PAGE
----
Hounds Abound

By Stephen Ewashkiw | March 27, 2014

11,901 km so far.

With no local equivalent of Bob Barker, and without the same penchant the Vietnamese show for eating them, dogs abound in Thailand. It is a good thing it is way too hot here for most of them to do much except lay around.

Dog Day Afternoon

Even when we’re out riding early in the morning, the dogs seem to be having a kip. I suppose if I had been up all night barking at every little sound I’d be tired as well. They seem to like napping on the asphalt, which provides a nice warm surface, if not a particularly safe spot, to sleep.

Often they don’t even budge when we ride past. A few, presumably those who have been hit by a scooter one too many times, jump out of the way.

The dogs in this video Jane shot while riding are only a fraction of those we encountered on this small side road this morning.

As long as they aren’t chasing me, teeth bared, I don’t mind riding around them.

dogs on the road in thailand

Weaving through the dogs near Nakhon Sawan.

We end up following the dogs’ lead most afternoons. After struggling to find a decent lunch, we usually head back to the hotel where the air conditioning makes life bearable, and more often than not have a cat nap.

Jane’s note: Let’s all start calling it a “dog kip”. Just coined a new phrase. Bam!

Scavenging For Scraps

I don’t know how this many dogs find enough to eat. I suppose they are less picky than we are. We often see them rummaging through trash heaps, which is something we haven’t had to resort to yet.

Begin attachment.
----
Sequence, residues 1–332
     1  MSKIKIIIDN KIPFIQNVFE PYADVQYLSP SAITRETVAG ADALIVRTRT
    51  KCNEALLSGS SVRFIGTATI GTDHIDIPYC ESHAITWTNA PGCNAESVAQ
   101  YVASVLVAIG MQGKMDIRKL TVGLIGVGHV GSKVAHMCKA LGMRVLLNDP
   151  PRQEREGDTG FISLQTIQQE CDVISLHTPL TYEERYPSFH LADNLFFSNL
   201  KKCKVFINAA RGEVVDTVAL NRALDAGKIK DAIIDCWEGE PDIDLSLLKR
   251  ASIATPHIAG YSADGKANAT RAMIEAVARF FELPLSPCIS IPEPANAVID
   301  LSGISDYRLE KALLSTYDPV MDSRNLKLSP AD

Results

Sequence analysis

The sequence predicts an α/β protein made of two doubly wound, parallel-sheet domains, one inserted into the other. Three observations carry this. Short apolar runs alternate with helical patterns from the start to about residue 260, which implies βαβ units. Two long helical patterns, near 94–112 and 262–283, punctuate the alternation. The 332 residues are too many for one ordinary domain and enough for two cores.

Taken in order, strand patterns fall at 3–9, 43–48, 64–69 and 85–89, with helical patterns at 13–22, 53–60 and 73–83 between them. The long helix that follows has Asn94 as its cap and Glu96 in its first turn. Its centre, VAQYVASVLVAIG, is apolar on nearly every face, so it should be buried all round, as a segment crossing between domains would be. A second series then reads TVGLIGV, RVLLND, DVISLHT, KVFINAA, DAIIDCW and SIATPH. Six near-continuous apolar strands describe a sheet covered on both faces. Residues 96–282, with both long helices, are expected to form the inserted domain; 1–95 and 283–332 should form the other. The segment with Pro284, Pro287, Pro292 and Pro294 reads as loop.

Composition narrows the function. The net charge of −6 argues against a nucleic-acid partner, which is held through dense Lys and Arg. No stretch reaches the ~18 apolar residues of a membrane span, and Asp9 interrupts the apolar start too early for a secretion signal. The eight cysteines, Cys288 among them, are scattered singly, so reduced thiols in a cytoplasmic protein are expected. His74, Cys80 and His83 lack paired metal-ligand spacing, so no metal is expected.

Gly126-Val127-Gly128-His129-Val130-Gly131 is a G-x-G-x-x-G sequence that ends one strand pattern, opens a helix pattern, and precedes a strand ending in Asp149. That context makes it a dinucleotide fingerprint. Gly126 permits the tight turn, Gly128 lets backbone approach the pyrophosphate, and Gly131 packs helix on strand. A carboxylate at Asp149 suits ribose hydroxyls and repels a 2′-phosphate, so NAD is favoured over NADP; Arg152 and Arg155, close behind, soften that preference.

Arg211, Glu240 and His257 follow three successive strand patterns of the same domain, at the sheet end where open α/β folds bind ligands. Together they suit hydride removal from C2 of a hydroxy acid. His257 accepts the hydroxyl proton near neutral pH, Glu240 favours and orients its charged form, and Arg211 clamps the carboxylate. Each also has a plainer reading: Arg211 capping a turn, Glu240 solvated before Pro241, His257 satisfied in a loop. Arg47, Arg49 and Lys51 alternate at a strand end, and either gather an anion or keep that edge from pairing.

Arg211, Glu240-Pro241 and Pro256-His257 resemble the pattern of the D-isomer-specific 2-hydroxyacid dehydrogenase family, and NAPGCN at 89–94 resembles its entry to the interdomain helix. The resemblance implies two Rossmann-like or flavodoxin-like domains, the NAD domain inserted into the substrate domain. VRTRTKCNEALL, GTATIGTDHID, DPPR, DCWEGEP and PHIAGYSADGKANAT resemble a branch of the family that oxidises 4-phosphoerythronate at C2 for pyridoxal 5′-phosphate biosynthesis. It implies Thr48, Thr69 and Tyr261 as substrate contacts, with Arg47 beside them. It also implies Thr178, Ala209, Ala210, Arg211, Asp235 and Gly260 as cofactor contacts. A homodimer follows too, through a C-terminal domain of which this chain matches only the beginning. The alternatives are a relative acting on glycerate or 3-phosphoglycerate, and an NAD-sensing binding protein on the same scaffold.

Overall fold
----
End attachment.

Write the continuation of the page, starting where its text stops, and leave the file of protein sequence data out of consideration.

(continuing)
Tonight came close.

We asked the hotel receptionist where the night market was, as we had read it had lots of food stalls. She showed us the location on our map, so we headed towards it.

The area of the city where the market was supposed to be was all fenced off, however. We couldn’t tell if it was military housing, a university, part of the hospital, or a really low-security prison, but a large section of town was ringed in barbed wire and inaccessible to regular old farang like us.

If the night market was in there we were out of luck.

We walked past a restaurant with a sizeable selection of vegetables outside, so decided to try our luck. Unfortunately the owner only appeared helpful, and ended up bringing us far too little food, despite us having explained we were very hungry.

Unsatisfied, we went for a walk to see if we could find second dinner. From reading various blogs, Jane had an idea as to where the night market might be hiding, and as we got closer things looked promising. Food stalls started to appear, and before we knew it we were in the midst of 50 carts piled high with different delectables. Most were selling some form of meat, so we settled on banana crepes, one of the only vegetarian options.

small shacks in thailand

The ferry “terminal” for the 5-minute boat ride we took today.

If you ever find yourself in Chai Nat and don’t want to dumpster dive with the dogs, the night market is one block east of Phrom Prasoet and two blocks north of Thanon Wongto (15.18873°N 100.12506°E).

Don’t go to the opposite side of town, even if your hotel receptionist tells you to.

Soundtrack: Paul Simon, Graceland  

Want to see the route map? View it on Ride With GPS.

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